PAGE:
Cyril Ramaphosa on load-shedding: four things he has said so far

11 June 2021 - 11:00 By cebelihle bhengu
President Cyril Ramaphosa has unveiled government's plan to end load-shedding. File photo.
President Cyril Ramaphosa has unveiled government's plan to end load-shedding. File photo.
Image: GCIS

President Cyril Ramaphosa gave South Africans hope on Thursday when he announced the lifting of the power generation licence to reduce load-shedding. This comes as citizens fume over the ongoing cuts by power utility Eskom. 

On Wednesday, Eskom doubled the frequency of stage 2 load-shedding and implemented stage 4. This meant customers were scheduled for load-shedding 12 times over a four-day period for two hours at a time, or 12 times over an eight-day period for four hours at a time.

Here’s a wrap of what the president has said about load-shedding so far:

Companies will be able to build their own generation capacity

As reported by Thabo Mokone for Sunday Times Daily, Ramaphosa said the amendment of schedule 2 of the Electricity Regulation Act will allow the National Energy Regulator of SA (Nersa) to increase the private electricity generation threshold from 1MW to 100MW.

The president said this will help boost the economy and reduce the impact of load-shedding. Companies will be allowed to sell the excess power to the national grid.

Ramaphosa said some viewed this amendment as taking “bread away from Eskom”,  but this is not the case.

“The amendment will be published by the department of mineral resources and energy within the next 60 days, or sooner. We are faced with the challenge of ensuring a swift and lasting economic recovery following many years of economic decline.”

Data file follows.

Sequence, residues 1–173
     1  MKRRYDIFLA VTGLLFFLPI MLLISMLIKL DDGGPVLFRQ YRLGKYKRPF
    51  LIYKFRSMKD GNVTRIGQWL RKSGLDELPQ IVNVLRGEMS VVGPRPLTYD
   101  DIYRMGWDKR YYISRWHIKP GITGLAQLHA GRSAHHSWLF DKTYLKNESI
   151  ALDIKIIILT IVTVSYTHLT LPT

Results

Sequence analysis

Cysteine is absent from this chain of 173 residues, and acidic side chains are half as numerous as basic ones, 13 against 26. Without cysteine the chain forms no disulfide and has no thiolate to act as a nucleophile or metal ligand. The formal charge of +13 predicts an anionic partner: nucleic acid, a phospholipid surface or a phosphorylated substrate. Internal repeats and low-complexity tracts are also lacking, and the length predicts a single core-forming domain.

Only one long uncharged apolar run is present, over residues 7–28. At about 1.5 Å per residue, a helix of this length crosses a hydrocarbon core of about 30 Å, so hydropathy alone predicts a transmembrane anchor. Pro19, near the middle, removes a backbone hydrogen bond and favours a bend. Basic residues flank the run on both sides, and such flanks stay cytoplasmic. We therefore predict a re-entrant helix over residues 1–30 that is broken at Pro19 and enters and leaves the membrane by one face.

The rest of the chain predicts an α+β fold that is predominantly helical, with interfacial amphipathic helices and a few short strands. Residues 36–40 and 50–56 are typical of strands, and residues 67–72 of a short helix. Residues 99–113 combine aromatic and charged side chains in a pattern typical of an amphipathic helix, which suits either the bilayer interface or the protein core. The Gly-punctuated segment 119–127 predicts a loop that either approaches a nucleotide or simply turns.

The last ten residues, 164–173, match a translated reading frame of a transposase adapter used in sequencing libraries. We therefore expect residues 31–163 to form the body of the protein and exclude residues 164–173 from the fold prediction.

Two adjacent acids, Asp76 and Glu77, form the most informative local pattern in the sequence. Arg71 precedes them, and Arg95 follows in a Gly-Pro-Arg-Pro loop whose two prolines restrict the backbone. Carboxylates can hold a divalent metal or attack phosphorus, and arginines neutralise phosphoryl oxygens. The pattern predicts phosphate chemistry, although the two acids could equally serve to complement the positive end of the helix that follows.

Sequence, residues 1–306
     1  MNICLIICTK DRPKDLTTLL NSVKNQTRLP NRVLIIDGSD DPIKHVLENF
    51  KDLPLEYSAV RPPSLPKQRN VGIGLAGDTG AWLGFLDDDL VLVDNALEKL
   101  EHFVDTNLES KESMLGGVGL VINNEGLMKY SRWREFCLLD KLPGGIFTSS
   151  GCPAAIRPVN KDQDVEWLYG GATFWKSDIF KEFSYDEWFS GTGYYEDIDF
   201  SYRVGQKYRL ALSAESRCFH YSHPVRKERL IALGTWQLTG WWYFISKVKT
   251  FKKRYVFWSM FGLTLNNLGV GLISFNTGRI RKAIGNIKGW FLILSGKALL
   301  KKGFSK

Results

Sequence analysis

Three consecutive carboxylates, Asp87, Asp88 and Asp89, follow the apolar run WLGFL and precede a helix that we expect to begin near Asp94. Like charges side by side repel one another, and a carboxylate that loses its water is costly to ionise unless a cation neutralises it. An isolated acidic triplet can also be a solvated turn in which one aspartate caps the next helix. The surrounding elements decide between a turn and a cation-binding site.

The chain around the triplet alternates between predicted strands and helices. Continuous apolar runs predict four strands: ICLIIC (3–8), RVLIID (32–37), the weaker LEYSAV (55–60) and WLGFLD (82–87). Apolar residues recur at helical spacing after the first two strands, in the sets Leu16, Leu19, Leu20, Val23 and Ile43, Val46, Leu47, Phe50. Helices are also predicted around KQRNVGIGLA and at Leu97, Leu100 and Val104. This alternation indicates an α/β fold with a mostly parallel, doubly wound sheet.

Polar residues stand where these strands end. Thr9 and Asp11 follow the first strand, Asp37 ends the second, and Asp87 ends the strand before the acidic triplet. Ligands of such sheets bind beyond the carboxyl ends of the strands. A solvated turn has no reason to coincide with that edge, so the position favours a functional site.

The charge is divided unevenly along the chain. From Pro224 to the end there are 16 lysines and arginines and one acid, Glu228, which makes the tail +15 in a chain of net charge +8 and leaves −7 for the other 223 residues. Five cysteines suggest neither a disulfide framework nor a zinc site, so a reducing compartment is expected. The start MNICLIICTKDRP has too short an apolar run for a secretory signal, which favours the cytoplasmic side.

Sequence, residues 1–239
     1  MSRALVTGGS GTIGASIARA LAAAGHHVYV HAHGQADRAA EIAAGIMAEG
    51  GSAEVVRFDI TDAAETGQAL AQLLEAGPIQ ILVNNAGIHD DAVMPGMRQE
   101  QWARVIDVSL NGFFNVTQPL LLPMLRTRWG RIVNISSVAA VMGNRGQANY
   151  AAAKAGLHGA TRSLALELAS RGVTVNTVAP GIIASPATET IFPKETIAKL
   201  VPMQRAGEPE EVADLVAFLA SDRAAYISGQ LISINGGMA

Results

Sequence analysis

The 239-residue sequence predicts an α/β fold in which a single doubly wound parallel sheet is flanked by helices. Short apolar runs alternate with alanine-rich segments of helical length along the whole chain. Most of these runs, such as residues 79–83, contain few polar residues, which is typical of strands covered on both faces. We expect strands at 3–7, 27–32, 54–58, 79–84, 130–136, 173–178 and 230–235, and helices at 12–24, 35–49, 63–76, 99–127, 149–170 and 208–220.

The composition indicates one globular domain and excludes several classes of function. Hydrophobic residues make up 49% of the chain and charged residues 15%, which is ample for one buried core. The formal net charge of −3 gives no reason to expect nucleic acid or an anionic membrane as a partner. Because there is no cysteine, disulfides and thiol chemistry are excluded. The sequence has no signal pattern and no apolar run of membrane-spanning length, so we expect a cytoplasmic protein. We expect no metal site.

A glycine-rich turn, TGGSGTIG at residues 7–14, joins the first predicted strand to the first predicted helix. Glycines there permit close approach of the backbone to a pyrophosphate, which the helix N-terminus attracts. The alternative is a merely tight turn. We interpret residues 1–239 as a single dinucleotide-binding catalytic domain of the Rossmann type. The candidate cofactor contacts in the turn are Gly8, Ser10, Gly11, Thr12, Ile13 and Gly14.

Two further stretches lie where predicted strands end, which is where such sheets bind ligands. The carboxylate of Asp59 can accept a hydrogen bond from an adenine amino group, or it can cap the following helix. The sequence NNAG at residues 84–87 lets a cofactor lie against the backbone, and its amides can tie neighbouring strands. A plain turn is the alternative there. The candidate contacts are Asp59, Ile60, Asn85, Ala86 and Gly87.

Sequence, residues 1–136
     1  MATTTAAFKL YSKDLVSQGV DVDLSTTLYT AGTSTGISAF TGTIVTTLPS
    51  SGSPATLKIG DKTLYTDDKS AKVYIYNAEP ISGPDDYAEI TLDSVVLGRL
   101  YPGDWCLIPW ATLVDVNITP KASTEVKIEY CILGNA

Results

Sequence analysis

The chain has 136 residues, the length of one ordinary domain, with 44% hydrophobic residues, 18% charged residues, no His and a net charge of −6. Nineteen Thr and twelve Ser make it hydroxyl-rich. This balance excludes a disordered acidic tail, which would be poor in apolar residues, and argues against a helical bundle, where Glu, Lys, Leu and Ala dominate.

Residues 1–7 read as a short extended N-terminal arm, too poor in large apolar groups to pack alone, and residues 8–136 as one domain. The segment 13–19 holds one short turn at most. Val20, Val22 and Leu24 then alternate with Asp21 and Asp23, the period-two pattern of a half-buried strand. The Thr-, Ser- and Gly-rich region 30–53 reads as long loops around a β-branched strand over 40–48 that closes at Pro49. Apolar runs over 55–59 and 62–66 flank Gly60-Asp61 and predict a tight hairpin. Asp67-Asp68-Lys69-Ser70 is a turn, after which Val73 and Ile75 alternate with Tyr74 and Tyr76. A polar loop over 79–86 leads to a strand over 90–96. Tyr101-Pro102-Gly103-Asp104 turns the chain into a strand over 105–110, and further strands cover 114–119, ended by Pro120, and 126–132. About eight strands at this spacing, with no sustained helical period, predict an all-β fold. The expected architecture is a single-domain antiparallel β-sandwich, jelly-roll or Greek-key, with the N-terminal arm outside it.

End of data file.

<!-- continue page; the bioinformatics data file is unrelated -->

The president said this was a collaborative project with the department of energy and mineral resources and minister Gwede Mantashe.

Strengthening Eskom 

Ramaphosa said on Thursday the division of Eskom into three entities of generation, distribution and transmission will make it easier to strengthen the entity. He reiterated that “Eskom is too big to fail”.

“Once Eskom is divided into three entities, we will be able to provide a much sleeker and focused Eskom which has great human capital that will be able to increase the efficiency Eskom should have in generating energy in our country.”

Load-shedding will be with us for five years Sona 2021

As reported by Aphiwe Deklerk for TimesLIVE, Ramaphosa painted a grim picture of the state of Eskom during his state of the nation address (Sona) in February. He said the power utility was projecting an energy shortfall of up to 6,000 megawatts in the next five years, which meant load-shedding is far from over. 

The president said the government would look into other means of energy generation like solar and wind energy.

“As part of the measures to address this shortfall, we will in the coming weeks issue a request for proposals for 2,600MW from wind and solar energy. Recent analysis suggests easing the licensing requirements for new embedded generation projects could unlock up to 5,000MW of additional capacity and help to ease the impact of load-shedding,” he said. 

Progress in reducing load-shedding 

Last Wednesday, Ramaphosa responded to MPs during the presidential budget vote debate, claiming the separation of Eskom into three entities is underway. 

“Municipalities are allowed to purchase their own power and discussions are being held to raise the licensing threshold for embedded generation projects. The separation of Eskom into separate entities is on track to meet its deadline of December 2021.”